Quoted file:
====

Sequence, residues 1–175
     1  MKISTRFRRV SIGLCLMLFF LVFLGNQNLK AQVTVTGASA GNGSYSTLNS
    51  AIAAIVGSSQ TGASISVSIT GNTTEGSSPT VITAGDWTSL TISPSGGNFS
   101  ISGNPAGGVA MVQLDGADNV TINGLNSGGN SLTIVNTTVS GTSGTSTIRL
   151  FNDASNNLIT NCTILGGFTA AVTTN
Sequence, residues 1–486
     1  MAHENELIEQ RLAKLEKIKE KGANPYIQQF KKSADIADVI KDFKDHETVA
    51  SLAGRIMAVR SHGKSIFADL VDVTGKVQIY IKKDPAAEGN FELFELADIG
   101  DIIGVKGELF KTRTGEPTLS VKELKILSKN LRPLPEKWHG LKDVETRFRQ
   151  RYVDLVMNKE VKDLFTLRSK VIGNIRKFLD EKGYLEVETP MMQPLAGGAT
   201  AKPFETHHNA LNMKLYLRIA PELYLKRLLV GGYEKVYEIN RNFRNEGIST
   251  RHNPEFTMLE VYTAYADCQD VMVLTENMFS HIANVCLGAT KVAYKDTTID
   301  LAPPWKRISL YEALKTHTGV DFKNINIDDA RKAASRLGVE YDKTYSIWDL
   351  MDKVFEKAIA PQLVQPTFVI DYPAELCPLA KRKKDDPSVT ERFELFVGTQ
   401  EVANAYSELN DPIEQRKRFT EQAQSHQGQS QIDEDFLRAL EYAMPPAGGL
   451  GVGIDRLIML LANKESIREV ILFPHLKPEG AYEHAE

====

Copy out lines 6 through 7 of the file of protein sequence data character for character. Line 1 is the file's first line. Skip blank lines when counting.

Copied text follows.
Sequence, residues 1–486
     1  MAHENELIEQ RLAKLEKIKE KGANPYIQQF KKSADIADVI KDFKDHETVA